Qualified inclusion is fair. I find originalism appealing but I’ve got a ways to go before I could say I am justified in believing it. Thanks!Report

  7. Cascadian says:

    This is a hard one for me.  I like to think that I favor process over results but it’s not always so simple.  There are cases where the legislature avoids hard decisions by forcing them on the courts and cases where the courts abdicate their responsibility by labeling difficult cases “political questions” which result in an establishmentarian regime. Report

  8. Cascadian: 

    1.  Good to hear from you again!
    2.  I’m hoping to deal with the “political question” and “nonjusticiability” issue in a follow-up post – you’re right that it’s a tough issue.  I do think there are times when the “political question” doctrine makes quite a bit of sense, and I’d even argue that in terms of the currently-pending case in California on Prop 8, the political question doctrine may be particularly appropriate.

    3. I still owe you a post on the 14th Amendment.  I’ve got some research material put together, but I haven’t had time to give it the appropriate attention.Report

  9. Cascadian says:

    Sorry, I haven’t had time to post much lately.   Still check in to see what’s up, but haven’t had the time to offer anything…. kids, spring break, relationships…. I’m sure you know how it is.  I look forward to your posts but I enjoy most all of what goes on here, even when I disagree.  I’m a big fan of this site, I’ve just been busy.Report

  10. Cascadian says:

    By the way, have you seen the case (I think it came out of Alaska) where someone actually challenged the 14th and the courts ruled it a political question? Report

  11. I know how it goes, believe me – still, it’s good to have you around.

    As for the Alaska case, I hadn’t heard of it until just now.  It’s pretty clear that the 9th Circuit didn’t take the Complaint seriously.  But to be perfectly honest, I can’t really blame them.  Still, something like the validity of a Constitutional ratification is exactly the sort of thing that courts are rightly wary of getting involved with because there really are no judicially manageable standards that can be applied.  The authority of the federal courts, with a few irrelevant exceptions, derives exclusively from Article III of the Constitution, and the jurisdiction of those courts is created by Congress.  Included in Article III’s grant is the power to decide cases “arising under” the Constitution; but a challenge of the validity of an amendment thereto doesn’t really “arise under” the Constitution – it challenges the validity of part of the very document that grants the courts their authority.  There’s a lot more to it, and I’m not sure I can explain it to your satisfaction, but the end result is that ruling on a ratification challenge very much could touch of a Constitutional crisis by usurping authority that is quite specifically delegated to Congress. Report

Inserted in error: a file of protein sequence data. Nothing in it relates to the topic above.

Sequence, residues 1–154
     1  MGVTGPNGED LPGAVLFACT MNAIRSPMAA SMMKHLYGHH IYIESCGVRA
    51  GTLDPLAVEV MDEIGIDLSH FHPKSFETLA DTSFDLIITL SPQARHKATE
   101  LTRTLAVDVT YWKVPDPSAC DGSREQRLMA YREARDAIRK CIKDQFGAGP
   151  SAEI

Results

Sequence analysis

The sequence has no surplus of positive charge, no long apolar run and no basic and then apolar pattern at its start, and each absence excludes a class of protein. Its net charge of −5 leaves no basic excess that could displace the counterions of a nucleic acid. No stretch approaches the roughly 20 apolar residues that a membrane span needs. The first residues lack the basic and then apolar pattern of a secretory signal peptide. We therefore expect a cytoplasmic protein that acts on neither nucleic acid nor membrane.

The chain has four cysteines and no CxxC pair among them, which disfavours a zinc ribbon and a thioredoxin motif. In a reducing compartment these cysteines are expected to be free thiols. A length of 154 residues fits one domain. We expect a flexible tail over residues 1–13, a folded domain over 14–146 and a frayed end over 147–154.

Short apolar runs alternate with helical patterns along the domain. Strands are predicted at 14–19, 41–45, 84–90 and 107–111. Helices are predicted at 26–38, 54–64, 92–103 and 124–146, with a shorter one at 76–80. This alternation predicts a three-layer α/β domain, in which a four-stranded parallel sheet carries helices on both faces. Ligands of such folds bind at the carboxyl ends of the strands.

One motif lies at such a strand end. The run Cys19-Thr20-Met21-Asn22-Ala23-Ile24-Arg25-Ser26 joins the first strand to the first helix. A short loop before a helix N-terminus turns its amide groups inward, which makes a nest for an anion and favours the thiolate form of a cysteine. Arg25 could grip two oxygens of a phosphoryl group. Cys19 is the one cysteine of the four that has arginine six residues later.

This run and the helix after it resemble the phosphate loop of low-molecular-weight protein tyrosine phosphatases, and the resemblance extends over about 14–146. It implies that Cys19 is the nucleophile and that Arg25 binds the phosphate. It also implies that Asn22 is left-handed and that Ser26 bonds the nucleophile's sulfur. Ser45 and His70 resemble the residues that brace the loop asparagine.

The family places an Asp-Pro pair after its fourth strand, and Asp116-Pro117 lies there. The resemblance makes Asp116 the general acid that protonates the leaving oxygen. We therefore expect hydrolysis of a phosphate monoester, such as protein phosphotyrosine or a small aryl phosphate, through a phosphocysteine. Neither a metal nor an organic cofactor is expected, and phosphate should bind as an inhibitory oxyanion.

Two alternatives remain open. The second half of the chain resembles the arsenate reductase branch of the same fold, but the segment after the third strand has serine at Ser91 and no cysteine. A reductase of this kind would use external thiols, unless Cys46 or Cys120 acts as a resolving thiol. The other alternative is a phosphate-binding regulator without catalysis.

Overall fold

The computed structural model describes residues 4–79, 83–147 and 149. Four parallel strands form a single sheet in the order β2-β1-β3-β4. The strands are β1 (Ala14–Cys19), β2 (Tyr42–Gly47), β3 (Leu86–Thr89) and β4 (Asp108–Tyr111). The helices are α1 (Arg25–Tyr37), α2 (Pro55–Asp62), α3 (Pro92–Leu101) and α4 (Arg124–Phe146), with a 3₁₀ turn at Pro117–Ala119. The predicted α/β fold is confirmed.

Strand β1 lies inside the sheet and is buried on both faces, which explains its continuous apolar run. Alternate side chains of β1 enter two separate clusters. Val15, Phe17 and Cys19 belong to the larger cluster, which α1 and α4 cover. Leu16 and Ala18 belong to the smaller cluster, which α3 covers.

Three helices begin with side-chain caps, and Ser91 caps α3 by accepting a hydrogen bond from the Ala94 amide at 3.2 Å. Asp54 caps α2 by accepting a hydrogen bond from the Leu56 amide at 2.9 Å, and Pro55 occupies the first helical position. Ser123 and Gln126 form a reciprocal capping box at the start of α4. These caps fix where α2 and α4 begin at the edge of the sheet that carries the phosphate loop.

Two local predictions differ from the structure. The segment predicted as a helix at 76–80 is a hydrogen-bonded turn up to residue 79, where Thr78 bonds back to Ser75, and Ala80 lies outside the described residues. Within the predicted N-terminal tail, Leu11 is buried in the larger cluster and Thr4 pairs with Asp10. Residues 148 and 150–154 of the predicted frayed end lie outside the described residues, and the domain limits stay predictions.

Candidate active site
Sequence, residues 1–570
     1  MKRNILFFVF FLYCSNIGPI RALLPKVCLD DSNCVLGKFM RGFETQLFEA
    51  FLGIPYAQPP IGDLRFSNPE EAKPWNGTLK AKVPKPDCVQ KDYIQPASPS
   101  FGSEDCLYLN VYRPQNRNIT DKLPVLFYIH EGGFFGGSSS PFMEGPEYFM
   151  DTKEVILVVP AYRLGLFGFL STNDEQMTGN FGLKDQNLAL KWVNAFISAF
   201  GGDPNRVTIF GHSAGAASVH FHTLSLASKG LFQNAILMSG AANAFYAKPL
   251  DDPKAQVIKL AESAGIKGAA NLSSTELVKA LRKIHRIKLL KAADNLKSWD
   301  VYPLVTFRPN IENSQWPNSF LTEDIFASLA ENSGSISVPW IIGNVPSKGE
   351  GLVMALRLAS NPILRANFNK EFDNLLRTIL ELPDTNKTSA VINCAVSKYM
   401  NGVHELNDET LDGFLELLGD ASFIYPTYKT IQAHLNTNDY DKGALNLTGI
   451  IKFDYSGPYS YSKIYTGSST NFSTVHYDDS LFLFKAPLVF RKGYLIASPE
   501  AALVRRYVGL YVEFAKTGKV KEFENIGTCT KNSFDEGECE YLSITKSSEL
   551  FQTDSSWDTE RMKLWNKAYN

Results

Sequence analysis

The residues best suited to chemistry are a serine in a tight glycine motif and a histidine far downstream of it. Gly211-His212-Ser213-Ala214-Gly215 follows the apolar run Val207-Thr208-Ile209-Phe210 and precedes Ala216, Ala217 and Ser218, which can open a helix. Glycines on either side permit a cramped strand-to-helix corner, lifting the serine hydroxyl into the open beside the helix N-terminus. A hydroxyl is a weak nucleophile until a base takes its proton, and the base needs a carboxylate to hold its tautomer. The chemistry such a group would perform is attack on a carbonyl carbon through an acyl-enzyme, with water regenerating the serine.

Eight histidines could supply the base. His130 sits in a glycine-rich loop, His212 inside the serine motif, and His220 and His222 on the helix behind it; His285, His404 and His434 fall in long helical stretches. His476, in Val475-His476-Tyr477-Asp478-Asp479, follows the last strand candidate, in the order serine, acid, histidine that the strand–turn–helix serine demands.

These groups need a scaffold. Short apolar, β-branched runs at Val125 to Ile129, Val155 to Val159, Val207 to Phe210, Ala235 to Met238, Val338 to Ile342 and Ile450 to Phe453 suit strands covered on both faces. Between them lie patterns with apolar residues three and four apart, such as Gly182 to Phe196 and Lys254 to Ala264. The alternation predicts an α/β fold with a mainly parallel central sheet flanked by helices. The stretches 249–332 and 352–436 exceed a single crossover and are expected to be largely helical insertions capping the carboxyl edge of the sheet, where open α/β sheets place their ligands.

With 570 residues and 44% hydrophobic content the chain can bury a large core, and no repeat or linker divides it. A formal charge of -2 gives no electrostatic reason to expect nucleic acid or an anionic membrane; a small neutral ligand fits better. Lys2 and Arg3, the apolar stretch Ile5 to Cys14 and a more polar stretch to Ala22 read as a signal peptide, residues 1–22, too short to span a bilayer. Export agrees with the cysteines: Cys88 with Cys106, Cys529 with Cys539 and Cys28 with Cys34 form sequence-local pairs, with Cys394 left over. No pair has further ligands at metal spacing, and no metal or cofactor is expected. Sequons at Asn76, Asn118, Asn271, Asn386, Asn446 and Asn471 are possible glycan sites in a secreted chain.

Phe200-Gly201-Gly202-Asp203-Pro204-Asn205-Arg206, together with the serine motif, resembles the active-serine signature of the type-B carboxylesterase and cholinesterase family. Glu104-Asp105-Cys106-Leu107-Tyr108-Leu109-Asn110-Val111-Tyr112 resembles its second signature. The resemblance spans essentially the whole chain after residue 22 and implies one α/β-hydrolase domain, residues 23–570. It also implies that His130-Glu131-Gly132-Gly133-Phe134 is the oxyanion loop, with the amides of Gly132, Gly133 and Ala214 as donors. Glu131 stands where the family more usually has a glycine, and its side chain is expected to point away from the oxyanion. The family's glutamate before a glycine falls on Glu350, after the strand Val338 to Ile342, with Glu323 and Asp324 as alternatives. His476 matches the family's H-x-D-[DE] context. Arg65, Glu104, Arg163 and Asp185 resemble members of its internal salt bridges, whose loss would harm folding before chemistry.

12. Cascadian says:

    Dang, lost a post.  I would think that the court would rightfully have jurisdiction and rule on the proceedural issues around the enactment of the fourteenth.  On the other side, I would think that Marbury would be an example of what your talking about, but that’s more or less accepted law, give or take a few signing statements. Report